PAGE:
I found the new kickboxing moves woke up some dormant muscles in my back, shoulders, arms and legs. Attending a one-on-one class (as opposed to a group class) encouraged me to give it my all. It’s impossible to hide or blend into the crowd. The constant switching from upper to lower body kept me mentally stimulated and added cardio to the workout. I could tell my trainer Shelby was keeping track of my capabilities and tailoring the workout around my fitness level and boxing ability. If you’re not familiar with all the moves, the constantly changing commands can be confusing, so working with a trainer who adapts the workout for you is vital. The three-minutes-on, one-minute-off system encouraged me to push myself because I knew a well-earned break was coming up. Kickboxing is not for the faint-hearted! After the full 40 minutes, my face was deep red, but I felt energised for the day ahead.
- Invest in a pair of boxing wraps. Your hands will thank you
- Keep hydrated
- If you’re intimidated by the idea of joining a group class, try a one-on-one lesson first to learn the different punches and kicks
- Don’t go the same week you plan to show off your pins – you may have bruises after a class
- Keep trying if you struggle to keep up at first – you’ll learn the moves soon enough
If you like weights…try the batting cages
At Auckland’s The Fieldhouse batting cages, you can choose between cricket, baseball or softball batting in 30- or 60-minute time slots. Having no experience in cricket or softball, I went for baseball – it seemed the most straightforward. The machine shoots out 30 balls at a distance of 10 metres, with an eight-second break between each ball. The speed can vary, but I stuck with the minimum of 90km/h to be safe. For the first 10 balls I was hitting air, but once I got into the swing of things I made contact with 60 per cent of the pitches.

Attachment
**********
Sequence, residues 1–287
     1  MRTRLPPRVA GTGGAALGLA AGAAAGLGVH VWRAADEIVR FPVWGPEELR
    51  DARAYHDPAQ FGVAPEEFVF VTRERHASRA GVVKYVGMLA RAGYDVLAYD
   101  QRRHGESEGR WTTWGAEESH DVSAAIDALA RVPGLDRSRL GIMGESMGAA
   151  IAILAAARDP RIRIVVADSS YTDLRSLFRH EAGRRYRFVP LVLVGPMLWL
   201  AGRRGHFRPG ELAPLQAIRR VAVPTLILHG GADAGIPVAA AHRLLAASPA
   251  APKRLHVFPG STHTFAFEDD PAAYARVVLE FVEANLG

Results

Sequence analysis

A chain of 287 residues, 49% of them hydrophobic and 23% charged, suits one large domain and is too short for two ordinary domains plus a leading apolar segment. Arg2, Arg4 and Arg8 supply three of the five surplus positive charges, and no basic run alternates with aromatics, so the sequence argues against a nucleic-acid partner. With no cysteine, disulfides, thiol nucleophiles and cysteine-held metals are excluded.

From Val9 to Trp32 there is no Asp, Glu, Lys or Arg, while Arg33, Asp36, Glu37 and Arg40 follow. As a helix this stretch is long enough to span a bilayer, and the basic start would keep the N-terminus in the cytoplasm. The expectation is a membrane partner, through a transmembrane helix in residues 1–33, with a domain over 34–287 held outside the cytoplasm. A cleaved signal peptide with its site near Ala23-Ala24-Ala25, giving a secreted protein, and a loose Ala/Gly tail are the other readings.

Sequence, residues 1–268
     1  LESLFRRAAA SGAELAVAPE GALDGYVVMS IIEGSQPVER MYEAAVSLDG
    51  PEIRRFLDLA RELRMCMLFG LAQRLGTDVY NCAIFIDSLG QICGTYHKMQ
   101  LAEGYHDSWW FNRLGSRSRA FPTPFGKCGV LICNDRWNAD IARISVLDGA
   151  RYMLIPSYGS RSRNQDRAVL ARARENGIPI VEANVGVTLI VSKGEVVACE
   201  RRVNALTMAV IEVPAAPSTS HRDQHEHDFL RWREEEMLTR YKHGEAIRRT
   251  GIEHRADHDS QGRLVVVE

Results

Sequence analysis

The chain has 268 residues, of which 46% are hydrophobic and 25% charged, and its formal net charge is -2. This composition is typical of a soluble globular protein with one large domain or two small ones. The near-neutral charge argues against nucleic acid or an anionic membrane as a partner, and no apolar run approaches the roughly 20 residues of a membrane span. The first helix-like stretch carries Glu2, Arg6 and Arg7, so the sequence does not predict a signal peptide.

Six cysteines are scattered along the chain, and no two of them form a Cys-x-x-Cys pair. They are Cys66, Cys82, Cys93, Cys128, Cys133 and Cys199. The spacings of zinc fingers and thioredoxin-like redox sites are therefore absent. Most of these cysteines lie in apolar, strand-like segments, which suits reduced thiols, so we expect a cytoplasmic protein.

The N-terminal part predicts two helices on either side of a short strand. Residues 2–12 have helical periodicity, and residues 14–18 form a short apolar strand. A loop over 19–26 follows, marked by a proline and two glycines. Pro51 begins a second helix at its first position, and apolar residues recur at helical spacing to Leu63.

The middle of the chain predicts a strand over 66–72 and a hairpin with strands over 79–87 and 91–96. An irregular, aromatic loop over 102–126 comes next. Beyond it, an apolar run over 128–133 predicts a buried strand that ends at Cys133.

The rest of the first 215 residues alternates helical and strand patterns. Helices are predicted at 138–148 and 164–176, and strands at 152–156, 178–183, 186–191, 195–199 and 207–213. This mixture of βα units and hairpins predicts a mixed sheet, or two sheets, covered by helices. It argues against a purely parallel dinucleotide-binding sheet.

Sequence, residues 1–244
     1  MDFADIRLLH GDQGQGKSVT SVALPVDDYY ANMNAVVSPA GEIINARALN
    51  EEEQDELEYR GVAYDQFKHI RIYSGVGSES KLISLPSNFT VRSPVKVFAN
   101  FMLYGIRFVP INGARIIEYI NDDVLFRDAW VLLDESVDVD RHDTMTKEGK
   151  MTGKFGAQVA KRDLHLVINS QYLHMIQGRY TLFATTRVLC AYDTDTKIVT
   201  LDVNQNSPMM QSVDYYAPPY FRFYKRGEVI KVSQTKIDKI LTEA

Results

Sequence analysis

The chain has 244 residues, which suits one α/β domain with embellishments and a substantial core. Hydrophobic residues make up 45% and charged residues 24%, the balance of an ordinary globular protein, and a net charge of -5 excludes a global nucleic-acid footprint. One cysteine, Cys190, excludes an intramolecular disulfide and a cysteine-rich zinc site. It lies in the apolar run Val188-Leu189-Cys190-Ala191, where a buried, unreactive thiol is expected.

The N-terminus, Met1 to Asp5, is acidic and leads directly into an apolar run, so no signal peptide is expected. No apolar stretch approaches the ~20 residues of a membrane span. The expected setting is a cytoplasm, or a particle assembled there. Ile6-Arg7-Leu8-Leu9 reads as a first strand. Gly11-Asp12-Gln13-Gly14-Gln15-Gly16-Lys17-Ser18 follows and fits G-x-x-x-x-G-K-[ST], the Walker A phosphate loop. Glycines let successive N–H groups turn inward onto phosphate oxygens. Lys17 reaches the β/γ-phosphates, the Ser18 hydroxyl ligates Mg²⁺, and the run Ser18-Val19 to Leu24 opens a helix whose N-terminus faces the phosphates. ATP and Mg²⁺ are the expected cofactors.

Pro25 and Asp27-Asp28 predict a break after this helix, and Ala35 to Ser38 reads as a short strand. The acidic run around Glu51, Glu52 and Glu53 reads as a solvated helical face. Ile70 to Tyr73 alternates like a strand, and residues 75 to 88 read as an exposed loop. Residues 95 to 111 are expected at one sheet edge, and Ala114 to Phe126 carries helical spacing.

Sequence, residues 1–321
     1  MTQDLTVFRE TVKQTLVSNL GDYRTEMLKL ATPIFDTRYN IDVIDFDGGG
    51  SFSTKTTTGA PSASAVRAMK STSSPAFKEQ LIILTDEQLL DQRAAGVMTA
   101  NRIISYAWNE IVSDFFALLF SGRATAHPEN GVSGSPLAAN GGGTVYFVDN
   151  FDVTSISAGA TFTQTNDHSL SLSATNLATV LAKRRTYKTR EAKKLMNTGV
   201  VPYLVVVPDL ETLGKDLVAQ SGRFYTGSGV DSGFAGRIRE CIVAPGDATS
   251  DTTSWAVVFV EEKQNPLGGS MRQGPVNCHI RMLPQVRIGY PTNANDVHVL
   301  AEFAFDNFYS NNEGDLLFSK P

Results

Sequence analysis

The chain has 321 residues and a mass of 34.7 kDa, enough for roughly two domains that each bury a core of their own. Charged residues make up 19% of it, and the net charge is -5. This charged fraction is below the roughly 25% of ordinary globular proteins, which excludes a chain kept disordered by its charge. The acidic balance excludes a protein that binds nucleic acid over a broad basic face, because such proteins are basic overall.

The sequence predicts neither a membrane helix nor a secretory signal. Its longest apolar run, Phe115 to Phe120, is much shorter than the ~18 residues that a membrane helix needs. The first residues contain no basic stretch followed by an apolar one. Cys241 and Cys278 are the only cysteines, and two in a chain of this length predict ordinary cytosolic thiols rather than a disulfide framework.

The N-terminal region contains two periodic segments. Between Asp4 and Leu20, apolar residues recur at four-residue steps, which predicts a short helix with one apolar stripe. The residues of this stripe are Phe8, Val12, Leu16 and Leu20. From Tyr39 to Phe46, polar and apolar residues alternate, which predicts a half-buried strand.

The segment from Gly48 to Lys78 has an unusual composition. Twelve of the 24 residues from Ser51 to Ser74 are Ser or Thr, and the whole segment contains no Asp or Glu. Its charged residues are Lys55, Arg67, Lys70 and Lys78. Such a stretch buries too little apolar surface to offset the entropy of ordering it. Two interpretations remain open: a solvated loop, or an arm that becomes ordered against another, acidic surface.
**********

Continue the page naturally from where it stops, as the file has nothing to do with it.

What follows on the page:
Why you’ll like it:
Batting is definitely a workout – but it’s the kind you’re oblivious to until it’s over. It requires concentration and hand-eye coordination, but past experience isn’t necessary – and it’s fun! Keeping your eye on the ball means it’s easy to make contact, and the sound of my bat hitting the ball was exhilarating. I left red-faced and glowing, and could feel the effects of the workout in my back and shoulders for a week afterwards.
- Take a friend. This way you get a break while the other person bats, plus it’s helpful to hear words of support from the sideline
- Wear lightweight clothing you can move freely in
- Your hands can get sore from the tight grip, so it’s worth using a pair of gloves to avoid blisters.
If you like low-impact stretching…try beginner’s ballet
The beginner’s ballet class at Auckland’s Tapac is perfect for ballet enthusiasts, female or male, over the age of 16. The one-hour class covered a selection of the basics including posture, bar work, first, second and fifth position as well as some graceful walking and simple dance combinations. We stood at the bar for the first 30 minutes, lifting onto our toes and running through some bending moves, while the second half of the class was spent going over a few dancing combinations. There was even time for a choreographed ballet walk. The ballet class aims to improve flexibility and coordination while also educating students about ballet language and culture.
Why you’ll like it:
The best thing about an adult dance class? It isn’t tainted by the insecurities of being a teenager. I enjoyed participating in a class with mature students, and felt accepted even though my dance moves were anything but graceful. It’s not the kind of exercise that leaves you hot and sweaty but I did feel stretched and elongated afterwards. Instructor MaryJane O’Reilly was supportive and encouraging, and I was at ease.
- Invest in a pair of ballet shoes. Bare feet are acceptable but your toes might get cold, and socks can be a little slippery
- You spend half the class looking at yourself in the mirror, so smile!
- The instructor will be interested in seeing your posture, so don’t hide under a loose T-shirt
Tried and tested by Features Writer Daisy Sillis